Monday, June 15, 2015

Charlie Munger World's Most Humble? Believe it. Plus, the Next Investor Armed With 'Umbrella Humility'.

It’s no secret that Charlie Munger idolizes Benjamin Franklin. Warren Buffett makes the point in the forward to the excellent “Poor Charlie’s Almanack” that Munger has sought to emulate and improve where possible on Franklin’s thinking. (Buffett notes that Munger’s only addition to his predecessor’s essay “Advice on the Choice of a Mistress” was simply his trademark “I have nothing to add”).

Warren Buffett forward on Charlie Munger for 'Poor Charlie's Almanack'
Buffett on Munger's humility.

Like Franklin, Munger worked very hard at 12 virtues[1] his coryphaeus identified, though doesn’t seem to have bothered with anything like Franklin’s attempt to master the 13th virtue: humility. Perhaps this is the result of Munger’s take on opportunity cost, “Opportunity cost is a huge filter in life. If you’ve got two suitors who are really eager to have you and one is way the hell better than the other, you do not have to spend much time with the other. And that’s the way we filter out buying opportunities.” Acquiring humility, for Munger, might have seemed a fabulous waste of time given Franklin’s opinion that acquiring humility wasn’t really possible. Franklin wrote, “for, even if I could conceive that I had compleatly overcome [my pride], I should probably be proud of my humility.”

Munger has even been quoted as saying, “In my whole life, nobody has ever accused me of being humble. Although humility is a trait I much admire, I don’t think I quite got my full share.” He mentions, in a comedic vein, that he has only managed to partly overcome his defect of the conventional definition of humility by “becoming very rich, and generous…it takes both to overcome a defect like that.”

I was quite surprised to come across a video in which Munger makes the claim that both he and Buffett are massively humble. Munger redefines the concept of humility. “If you know the edge of your own competency and you  aren’t arrogantly stepping over the boundary. I’m very good at that. But within my own area of competency, my best friend wouldn’t not adore me for my humility.”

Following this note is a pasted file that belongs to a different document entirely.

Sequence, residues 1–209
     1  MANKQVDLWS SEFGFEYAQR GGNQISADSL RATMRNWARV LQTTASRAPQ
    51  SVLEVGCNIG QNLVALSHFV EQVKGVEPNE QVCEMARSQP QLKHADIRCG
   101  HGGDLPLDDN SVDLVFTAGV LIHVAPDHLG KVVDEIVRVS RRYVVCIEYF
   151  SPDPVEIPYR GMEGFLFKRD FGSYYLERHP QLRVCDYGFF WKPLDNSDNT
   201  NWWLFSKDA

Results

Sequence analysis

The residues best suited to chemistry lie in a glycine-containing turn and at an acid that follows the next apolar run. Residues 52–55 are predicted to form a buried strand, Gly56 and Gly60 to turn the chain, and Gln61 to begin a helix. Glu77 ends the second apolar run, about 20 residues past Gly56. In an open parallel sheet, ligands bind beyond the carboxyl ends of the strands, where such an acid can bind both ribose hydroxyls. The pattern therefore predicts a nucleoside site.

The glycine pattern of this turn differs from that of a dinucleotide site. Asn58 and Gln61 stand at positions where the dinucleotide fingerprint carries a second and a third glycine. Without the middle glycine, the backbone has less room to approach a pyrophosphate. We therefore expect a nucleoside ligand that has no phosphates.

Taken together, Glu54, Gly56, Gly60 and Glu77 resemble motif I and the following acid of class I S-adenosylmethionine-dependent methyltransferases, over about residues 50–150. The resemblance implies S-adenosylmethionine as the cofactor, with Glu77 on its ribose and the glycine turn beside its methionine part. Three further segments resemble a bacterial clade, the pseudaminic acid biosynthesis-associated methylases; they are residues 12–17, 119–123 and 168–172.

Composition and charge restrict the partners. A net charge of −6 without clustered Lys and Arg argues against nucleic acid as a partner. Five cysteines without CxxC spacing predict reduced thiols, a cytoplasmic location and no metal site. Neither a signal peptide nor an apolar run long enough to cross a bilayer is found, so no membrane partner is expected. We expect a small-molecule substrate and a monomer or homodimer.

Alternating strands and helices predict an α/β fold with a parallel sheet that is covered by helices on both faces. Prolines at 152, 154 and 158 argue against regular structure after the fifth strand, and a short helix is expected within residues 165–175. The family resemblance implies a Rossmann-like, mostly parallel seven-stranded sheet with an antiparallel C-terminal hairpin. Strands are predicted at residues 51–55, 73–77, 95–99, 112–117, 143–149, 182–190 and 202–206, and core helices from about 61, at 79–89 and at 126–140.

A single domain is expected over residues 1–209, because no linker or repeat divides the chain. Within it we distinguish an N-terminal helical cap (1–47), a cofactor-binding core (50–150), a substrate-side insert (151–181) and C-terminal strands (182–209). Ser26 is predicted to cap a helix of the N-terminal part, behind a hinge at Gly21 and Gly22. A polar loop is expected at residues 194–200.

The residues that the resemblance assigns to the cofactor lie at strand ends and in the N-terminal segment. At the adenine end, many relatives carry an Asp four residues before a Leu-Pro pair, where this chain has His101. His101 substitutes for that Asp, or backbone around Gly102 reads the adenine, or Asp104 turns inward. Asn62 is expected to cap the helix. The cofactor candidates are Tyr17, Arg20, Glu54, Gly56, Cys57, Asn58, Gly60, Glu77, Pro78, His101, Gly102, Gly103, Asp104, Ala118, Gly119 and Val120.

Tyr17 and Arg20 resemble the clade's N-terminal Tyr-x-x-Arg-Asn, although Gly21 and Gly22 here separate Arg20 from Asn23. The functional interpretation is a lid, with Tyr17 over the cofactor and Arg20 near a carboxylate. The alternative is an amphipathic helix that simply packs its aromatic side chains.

In fact, he defines this characteristic as being key to his success. When asked with the question why a couple of guys from Omaha do so much better “I think we know the edge of our own competency better than other people do. And that’s humility in the umbrella sense. And that is a very important thing to know.” (The topic of humility comes up at about the 9 minute mark of the video above). 

Using Munger’s ‘Umbrella Humility’

Warren Buffett and Charlie Munger were in a reflective mood at their latest ‘woodstock for capitalists’ gathering for the Berkshire Hathaway annual shareholders meeting. The pair even offered a prospective look at what the next 50 years is likely to bring for their conglomerate—the most successful in the history of the world.

Buffett’s and Munger’s recent treatise is already well-worn ground, and has been covered much better by those vastly more qualified (and interested) than I. Yes, the talk of succession planning—some remarked that succession planning is Buffett’s and Munger’s most glaring blind-spot—has people obsessed with who’s next at Berkshire. More than that, though, it was the recent death of fellow Graham super-investor Edward Schloss—and the fine retrospective by his son—that turned my attention to a related but even more important question. Rather than finding a replacement at Berkshire, what if one could instead find the next Berkshire, the next Buffett?

Now, I don’t think there’s much chance that anyone will come along and duplicate Buffett and more than anyone will come along and be the next Michael Jordan (though LeBron’s ability to, as Haralabos Voulgaris tweeted, “reinvent himself into hyper usage Lebron. #witness” is perhaps even more superhuman than Jordan—as Buffett wrote about ‘superinvestor’ Bill Guerin, “Size is the anchor of performance. There is no question about it. It doesn’t mean you can’t do better than average when you get larger, but the margin shrinks.”—and Curry’s handle, quick release and range are qualities I’m sure even Jordan would have wished for). While I’m sure whomever takes over the CEO position at Berkshire will be extraordinarily capable, and Berkshire will be just fine. But if I were looking for performance anything like Buffett’s own, I’d look somewhere that more closely resembled Buffett’s starting point rather than his (near) end point. I’d want to find a person or team that had some room to grow.

Charlie Munger frames the issue well, speaking about Jack Welsh he averred,  “What you want is a nut, and one young enough to have a good long run…”.  I’ve taken some time off from this blog to pursue an advanced degree. Anything resembling a loyal reader I’d attracted along the way is no doubt long gone, alienated by my year-long hiatus. That’s too bad. I’ve never been interested in most of the stuff that people are looking for—even, probably, from this blog itself—either the path to riches or a strong, functional body. I’ve been concerned with the process—what processes make people fit intellectually and physically? But this post will actually deliver on the good people are looking for: where do I find the next Berkshire, and how will I know when I see it?

Greg Glassman has spelled out the basic fundamentals in physical fitness more explicitly, but both Glassman and Munger offer compelling accounts of how we can train our minds and bodies. Glassman’s general physical preparedness is very much like Munger’s latticework of mental models. Use either and you’re likely to do quite well in this world. They’re both pretty simple, but neither is anything but easy.